2016 was Officially Warmest Year on Record…AgainCaitlin McLaren -
Posted on: February 18, 2017
According to NASA, 2016 was once again the warmest year since people began measuring temperatures, more than a hundred and thirty years ago. This makes the third straight year of record-setting global high temperatures; in fact, 16 of the hottest 17 years on record have occurred since the year 2000. In the first half of 2016, all of the months were also the hottest of their respective months on record.
While climate scientists do not expect that 2017 will be another record-setting year, as El Niño effects are dying down this year, it is still expected to be warm compared to pre-2000s years. You can probably see this outside for yourself; this January has had lots of rain and not a lot of snow compared to the way it was when we were kids. Climate change is not some hypothetical danger in the future; it is happening right now.
On the bright side, CO2 emissions have been fairly stable over the last few years, largely due to China’s decreased use of coal. China, though still struggling with pollution and dependence on fossil fuels, is also the world’s leader in renewable energy.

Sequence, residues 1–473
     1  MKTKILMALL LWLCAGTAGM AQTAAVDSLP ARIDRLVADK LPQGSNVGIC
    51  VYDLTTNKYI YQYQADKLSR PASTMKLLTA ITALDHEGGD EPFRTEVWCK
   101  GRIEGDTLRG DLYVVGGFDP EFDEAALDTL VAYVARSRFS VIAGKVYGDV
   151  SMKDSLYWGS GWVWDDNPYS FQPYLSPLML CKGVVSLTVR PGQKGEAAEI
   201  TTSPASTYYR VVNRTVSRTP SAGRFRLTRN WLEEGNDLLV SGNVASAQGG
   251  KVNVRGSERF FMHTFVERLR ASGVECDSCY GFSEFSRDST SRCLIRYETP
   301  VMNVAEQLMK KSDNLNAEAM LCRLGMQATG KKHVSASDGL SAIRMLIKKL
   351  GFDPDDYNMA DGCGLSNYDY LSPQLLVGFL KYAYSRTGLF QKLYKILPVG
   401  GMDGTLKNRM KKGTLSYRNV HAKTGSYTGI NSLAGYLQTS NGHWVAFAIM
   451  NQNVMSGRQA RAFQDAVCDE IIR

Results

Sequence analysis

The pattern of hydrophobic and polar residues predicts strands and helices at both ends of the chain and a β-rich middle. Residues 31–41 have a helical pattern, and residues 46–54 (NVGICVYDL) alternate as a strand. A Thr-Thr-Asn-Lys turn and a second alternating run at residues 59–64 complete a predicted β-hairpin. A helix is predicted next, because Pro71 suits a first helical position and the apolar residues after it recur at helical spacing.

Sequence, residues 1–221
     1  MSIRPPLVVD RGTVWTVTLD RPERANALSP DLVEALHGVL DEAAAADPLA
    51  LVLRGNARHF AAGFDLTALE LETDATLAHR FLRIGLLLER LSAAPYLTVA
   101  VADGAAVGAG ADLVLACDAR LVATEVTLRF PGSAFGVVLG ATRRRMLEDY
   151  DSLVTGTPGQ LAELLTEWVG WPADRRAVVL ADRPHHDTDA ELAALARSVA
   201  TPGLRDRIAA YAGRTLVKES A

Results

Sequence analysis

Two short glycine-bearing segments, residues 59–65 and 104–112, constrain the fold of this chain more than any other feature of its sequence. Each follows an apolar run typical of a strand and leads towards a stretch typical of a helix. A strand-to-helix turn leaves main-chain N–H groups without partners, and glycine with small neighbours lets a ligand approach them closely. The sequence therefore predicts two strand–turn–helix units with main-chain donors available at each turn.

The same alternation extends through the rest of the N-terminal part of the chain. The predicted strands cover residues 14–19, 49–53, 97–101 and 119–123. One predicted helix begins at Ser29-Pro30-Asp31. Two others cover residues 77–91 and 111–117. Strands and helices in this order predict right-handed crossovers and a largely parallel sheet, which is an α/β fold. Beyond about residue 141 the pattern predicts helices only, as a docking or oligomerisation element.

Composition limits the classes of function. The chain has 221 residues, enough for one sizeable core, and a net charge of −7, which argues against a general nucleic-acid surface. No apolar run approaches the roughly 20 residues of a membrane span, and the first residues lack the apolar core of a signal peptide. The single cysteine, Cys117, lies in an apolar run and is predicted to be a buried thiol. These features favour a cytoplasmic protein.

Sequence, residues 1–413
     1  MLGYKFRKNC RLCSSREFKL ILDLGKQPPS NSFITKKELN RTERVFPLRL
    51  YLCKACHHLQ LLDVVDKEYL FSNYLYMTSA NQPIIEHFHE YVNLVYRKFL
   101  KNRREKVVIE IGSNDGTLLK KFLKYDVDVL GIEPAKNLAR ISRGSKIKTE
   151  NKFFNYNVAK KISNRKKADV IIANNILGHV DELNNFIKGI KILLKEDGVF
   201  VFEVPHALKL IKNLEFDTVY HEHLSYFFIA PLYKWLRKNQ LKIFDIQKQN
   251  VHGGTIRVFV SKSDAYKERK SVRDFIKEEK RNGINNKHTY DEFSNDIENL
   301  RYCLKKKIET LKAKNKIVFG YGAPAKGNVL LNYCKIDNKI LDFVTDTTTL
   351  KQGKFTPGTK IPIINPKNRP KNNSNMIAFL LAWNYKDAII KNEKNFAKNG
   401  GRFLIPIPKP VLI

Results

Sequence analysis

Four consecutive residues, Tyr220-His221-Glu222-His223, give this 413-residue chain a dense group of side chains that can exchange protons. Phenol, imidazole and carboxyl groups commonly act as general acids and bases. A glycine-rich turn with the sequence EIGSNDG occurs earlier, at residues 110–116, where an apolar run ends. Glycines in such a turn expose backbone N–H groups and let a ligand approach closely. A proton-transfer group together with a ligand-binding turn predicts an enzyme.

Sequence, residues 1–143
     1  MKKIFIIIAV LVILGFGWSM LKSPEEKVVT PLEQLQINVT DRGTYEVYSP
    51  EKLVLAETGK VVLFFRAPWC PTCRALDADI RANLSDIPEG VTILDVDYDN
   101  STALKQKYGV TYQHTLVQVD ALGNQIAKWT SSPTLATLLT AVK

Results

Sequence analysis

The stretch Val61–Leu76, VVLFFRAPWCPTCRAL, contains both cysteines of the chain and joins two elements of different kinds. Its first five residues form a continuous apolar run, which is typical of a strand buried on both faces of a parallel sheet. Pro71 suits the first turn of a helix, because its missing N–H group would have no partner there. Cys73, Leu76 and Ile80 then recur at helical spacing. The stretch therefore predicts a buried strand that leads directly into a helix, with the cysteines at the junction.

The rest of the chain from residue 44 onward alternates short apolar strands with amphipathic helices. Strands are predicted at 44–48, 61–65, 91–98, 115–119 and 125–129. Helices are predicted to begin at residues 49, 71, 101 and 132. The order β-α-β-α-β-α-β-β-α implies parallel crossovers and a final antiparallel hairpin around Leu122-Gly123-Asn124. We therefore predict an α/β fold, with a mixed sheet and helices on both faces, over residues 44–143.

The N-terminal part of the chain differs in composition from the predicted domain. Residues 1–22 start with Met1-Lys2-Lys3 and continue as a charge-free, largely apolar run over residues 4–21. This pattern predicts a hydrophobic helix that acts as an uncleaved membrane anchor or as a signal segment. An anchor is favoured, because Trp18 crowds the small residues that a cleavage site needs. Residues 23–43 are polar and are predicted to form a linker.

However, the election of Donald Trump might have serious consequences in efforts to reduce the effects of climate change. Trump is on the record as a climate change denier, and has stated his intention to back out of the Paris Agreement. While his intentions for this are not clear, he has also pledged to reduce or eliminate funding for climate change programs, and to make it easier to use public land for fossil fuel production. He has also appointed Scott Pruitt, another notorious climate-change denier, as head of the Environmental Protection Agency (EPA). Pruitt hedged on this during his confirmation hearings, saying that humans do have an effect on the climate and that the degree of it should be subject to “continuing debate”. Even more worryingly, Trump’s administration has banned the EPA from releasing the results of studies until they have been reviewed by government appointees. It looks as if there are dark days ahead for American climate science. Hopefully, other countries will be able to compensate for the environmental damage of Trump’s administration in the next four years.